Ten years after a Coca-Cola bottling plant, in India’s southern state of Kerala was closed, after residents claimed it was draining and polluting water supplies, a Coca-Cola bottling plant has been ordered to close in northern India, after local farmers blamed it for using too much water. Fresh headches have been created for the world’s biggest soft-drink maker, in one of its most important markets. In the state of Uttar Pradesh, where ground water levels have been critical for more than a decade, the state authorities withdrew consent for the Hindustan Coca-Cola Beverages Plant. Owing to wasteful irrigation practices that state governments are struggling to address, acute water shortages are widespread in India. Water scarcity is high on the list of risks facing multi-nationals, operating in regions, where supplies are limited. The Kerala incident and the UP closure have raised awareness about water risks among global companies. Summer’s soaring temperatures create a peak season for India’s soft-drinks industry. Coke plans to invest some $5 billion in India, between 2012 and 2020. The country could be one of Coke’s five biggest markets, within the next few years. The shut-down would have little impact on Coke’s business, as the single-line plant is one of the smallest bottling units, producing an estimated 26,500 kilolitres of beverage a year. Over time Coke has been making efforts to improve its own use of water, as well as that of local communities. The UP bottling plant closure came as Coke sought permission to expand the facility.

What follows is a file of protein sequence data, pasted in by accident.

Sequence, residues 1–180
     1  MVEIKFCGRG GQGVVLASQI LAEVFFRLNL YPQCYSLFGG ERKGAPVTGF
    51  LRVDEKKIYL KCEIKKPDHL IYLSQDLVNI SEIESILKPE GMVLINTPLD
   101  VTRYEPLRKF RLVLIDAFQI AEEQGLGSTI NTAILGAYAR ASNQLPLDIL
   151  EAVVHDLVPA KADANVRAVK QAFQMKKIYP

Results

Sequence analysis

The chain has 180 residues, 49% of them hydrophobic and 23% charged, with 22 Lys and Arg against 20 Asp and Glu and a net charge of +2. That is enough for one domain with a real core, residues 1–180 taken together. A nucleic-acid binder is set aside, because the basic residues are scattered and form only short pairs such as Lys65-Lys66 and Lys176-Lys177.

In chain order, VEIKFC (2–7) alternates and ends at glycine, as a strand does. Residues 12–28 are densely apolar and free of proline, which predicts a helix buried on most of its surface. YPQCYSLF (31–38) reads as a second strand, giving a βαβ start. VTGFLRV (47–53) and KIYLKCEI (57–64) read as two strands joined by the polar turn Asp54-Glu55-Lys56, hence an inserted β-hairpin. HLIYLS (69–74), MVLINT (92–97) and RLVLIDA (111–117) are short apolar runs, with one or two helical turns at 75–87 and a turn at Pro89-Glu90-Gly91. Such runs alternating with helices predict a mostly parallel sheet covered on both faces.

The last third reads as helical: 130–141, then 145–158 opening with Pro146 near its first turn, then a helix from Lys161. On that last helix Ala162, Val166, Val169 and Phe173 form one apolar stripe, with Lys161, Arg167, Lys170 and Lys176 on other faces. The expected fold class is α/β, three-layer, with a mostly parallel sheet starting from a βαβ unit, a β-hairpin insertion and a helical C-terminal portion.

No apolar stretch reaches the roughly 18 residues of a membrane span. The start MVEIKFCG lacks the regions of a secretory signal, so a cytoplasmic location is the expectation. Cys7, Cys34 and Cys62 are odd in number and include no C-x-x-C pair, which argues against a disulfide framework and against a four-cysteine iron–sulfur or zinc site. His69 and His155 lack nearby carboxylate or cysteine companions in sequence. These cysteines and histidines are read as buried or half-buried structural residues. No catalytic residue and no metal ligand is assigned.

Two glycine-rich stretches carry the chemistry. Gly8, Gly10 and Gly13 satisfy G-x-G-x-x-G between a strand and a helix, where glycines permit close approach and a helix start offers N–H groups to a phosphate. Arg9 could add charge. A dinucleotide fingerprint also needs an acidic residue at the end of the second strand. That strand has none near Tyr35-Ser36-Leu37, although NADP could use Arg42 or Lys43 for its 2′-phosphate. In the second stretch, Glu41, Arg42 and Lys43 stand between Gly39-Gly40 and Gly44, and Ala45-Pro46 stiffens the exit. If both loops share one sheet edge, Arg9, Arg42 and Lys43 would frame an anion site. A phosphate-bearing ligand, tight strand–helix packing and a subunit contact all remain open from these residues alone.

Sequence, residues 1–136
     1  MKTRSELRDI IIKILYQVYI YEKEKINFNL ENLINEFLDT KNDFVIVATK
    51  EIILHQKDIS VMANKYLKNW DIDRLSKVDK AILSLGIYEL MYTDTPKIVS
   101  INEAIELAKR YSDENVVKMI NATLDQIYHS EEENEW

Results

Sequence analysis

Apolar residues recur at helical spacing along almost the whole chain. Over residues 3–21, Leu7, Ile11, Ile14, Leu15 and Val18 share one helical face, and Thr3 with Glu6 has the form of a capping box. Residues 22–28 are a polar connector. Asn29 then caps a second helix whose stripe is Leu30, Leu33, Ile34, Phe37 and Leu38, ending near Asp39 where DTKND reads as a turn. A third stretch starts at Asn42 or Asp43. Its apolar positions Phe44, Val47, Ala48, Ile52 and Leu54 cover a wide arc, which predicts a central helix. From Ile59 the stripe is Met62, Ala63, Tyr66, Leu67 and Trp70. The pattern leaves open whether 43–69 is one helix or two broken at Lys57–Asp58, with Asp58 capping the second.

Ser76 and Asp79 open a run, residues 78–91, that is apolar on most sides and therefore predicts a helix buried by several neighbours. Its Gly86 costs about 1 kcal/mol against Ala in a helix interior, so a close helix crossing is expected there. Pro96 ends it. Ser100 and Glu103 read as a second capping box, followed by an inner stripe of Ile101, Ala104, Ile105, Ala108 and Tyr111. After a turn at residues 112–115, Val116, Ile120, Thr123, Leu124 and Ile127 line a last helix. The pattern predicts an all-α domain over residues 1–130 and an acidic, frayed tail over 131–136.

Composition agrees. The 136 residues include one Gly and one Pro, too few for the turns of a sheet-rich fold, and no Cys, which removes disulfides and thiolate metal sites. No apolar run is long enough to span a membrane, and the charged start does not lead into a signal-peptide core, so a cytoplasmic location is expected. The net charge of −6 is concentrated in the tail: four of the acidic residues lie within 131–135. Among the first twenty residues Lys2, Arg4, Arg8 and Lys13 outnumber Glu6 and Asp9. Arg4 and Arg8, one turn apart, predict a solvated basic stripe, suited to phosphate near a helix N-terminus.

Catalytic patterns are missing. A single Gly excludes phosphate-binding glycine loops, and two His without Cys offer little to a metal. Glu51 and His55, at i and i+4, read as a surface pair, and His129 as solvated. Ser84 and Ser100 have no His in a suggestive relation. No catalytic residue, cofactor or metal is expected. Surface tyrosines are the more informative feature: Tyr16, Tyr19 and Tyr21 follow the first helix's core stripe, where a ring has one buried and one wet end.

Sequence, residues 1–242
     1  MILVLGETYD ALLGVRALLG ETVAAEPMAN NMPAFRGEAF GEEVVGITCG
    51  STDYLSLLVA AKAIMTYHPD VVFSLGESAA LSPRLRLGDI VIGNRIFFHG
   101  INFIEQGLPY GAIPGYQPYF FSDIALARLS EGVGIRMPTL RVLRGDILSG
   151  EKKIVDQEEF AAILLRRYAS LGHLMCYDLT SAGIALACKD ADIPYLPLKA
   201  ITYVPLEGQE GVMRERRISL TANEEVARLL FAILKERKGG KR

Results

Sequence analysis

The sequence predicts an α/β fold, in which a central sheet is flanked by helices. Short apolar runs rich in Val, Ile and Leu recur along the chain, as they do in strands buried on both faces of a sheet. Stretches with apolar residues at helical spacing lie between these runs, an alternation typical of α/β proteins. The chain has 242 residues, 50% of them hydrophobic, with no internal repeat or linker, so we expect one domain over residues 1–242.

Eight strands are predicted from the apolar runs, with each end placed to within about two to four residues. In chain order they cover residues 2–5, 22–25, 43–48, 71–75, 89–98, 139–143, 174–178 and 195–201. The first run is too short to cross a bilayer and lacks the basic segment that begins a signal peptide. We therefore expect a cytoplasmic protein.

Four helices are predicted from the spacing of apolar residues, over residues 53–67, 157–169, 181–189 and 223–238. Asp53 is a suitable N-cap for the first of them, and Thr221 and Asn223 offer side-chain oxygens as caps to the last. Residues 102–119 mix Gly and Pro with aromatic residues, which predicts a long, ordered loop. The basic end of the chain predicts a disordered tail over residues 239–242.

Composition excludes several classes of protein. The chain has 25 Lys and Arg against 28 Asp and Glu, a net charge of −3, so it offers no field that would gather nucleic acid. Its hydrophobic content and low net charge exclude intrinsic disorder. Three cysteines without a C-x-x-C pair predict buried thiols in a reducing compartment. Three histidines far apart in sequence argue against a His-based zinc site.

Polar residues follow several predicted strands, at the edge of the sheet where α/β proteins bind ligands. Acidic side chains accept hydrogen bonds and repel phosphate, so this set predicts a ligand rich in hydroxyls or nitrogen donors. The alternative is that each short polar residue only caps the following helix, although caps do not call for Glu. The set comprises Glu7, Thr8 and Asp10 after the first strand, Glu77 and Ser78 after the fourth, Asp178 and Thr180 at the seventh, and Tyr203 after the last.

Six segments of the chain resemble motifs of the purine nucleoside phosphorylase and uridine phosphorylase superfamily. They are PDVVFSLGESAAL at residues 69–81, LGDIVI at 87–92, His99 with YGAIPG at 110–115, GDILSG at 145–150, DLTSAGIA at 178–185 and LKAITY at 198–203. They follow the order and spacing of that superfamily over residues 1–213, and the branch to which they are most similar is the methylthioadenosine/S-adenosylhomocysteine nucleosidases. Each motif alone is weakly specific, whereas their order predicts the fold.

Besides Coke there are many soft-drink companies, including the giant Pepsi, that are destroying water resources in many states without being questioned by any political party. Packaged drinking water is the new of area of flourishing business that will soon create severe water crisis in many parts of the country. In Bengal where arsenic contamination of ground water is very high, these soft-drink bottling plants are simply compounding woes to the residents living near the vicinity of such plants. People across the country are less aware of the impending danger these soft-drink and packaged water bottle companies are posing to the people.
Safe drinking water is not available to most Indians in rural India and now traditional agriculture dependent on water is being threatened by heavy withdrawal of ground water by these companies. People can survive without soft-beverages but they cannot survive without safe drinking water.
After an aggressive elimination of local companies and merger of domestic big houses, Coke and Pepsi have a virtual monopoly over India’s soft-beverages and packaged drinking water market. They are ruining India’s water resources. Health hazards apart, they will adversely affect Indian agriculture as Coke is doing it in Uttar Pradesh at the moment.
Vol. 47, No.7, Aug 24 - 30, 2014